The energy fuels your body’s inner functions, cellular metabolism, repairs, maintains, builds cells and body tissues, breathing, digestion, and supports the physical activities that enable you to interact with the physical world.

If your body has more than enough glucose for its current needs, the excess glucose is stored for later use as glycogen in the liver and muscle.

The liver can store approximately 100 grams of glycogen. This glycogen is then released into the blood to provide energy when required and when blood sugar levels fall.  This helps to maintain normal blood sugar levels between meals.

Carbs promote digestive health

Some carbs, like fiber, also help promote digestive health. Foods such as fruits, vegetables, and whole grains are high in fiber content. Fiber helps to regulate bowel movements, prevents constipation-related issues, and also helps to lower elevated cholesterol and blood sugar levels.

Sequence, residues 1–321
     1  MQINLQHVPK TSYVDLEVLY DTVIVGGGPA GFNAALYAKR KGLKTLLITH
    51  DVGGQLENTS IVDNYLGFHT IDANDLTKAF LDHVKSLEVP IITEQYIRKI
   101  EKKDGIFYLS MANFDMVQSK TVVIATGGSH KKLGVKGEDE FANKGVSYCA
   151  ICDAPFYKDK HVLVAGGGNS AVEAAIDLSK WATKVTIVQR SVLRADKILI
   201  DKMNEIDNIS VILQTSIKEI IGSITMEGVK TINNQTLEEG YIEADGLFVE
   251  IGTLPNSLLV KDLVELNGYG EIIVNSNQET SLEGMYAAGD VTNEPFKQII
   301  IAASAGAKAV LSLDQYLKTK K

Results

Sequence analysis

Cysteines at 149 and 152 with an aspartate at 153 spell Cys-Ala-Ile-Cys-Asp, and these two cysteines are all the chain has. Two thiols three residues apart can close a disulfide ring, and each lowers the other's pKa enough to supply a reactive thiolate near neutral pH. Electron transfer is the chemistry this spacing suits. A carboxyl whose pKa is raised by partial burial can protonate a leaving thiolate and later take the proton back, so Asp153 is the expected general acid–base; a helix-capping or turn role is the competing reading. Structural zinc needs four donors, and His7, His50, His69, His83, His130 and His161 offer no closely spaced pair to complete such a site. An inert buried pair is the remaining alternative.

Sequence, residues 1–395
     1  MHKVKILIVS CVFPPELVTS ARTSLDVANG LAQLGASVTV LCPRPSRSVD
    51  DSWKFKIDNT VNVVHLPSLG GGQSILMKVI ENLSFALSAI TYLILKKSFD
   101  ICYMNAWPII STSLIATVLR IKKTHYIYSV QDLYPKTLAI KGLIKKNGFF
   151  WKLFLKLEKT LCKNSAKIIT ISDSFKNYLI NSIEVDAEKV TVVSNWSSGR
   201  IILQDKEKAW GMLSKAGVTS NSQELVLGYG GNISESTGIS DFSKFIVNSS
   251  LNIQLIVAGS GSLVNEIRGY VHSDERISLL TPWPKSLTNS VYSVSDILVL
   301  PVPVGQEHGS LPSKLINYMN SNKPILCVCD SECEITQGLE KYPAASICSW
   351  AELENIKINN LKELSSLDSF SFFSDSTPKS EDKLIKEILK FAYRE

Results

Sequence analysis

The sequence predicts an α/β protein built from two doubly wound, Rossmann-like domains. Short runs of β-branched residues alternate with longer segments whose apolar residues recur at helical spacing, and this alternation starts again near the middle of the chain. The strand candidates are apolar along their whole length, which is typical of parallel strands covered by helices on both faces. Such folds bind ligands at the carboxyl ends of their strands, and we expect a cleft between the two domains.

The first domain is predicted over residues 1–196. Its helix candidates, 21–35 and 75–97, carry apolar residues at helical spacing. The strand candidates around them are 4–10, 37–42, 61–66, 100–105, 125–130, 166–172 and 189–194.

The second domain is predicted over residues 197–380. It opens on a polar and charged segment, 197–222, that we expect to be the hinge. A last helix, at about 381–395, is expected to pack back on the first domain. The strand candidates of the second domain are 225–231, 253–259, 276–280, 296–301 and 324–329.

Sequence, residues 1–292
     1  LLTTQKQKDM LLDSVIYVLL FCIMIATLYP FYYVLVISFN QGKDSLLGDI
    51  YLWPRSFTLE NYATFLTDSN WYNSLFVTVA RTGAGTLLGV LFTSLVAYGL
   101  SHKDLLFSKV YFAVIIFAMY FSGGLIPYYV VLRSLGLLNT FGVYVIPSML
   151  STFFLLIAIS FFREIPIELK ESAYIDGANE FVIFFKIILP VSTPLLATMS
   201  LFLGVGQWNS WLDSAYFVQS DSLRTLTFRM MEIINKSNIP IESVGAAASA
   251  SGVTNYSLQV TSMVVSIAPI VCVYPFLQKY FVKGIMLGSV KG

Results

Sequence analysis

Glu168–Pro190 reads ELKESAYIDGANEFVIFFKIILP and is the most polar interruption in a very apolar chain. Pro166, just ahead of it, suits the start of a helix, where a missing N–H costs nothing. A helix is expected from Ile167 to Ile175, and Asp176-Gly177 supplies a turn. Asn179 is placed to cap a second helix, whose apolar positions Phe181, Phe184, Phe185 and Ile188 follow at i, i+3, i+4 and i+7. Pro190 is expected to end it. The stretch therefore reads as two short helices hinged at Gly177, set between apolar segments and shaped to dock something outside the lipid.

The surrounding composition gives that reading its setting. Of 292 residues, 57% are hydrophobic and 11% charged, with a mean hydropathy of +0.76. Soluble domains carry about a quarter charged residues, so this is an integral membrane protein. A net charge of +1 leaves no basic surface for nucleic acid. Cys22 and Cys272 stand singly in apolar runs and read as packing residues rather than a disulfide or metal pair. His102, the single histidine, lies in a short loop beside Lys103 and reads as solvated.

Dietary fiber is not broken down into glucose as sugars and starches. It passes through the body without being digested. It is of two types: soluble and insoluble.

While passing through the body, soluble fiber absorbs water and becomes gel-like in consistency. This softens your stools and increases their bulk. This helps to facilitate easier bowel movements, which helps people with constipation. It is found in oats, legumes, and the inner part of fruits and some vegetables.

On the other hand, insoluble fiber helps ease constipation by adding bulk to your stools and making your intestinal contents move a little quicker through the intestines. Insoluble fiber is found in whole grains, skins of fruits, and vegetables. You should ensure enough intake of insoluble fiber to protect you against digestive tract diseases.

Carbohydrates help preserve muscle

By storing glycogen, your body ensures enough supply of glucose and energy for all of its functions at all times.

When glucose from carbohydrates is not enough for its energy requirement, your body breaks down muscle into amino acids. These amino acids are then converted into glucose to produce energy. This is one way the body provides energy to the brain, which requires it continuously even during periods of long-standing starvation.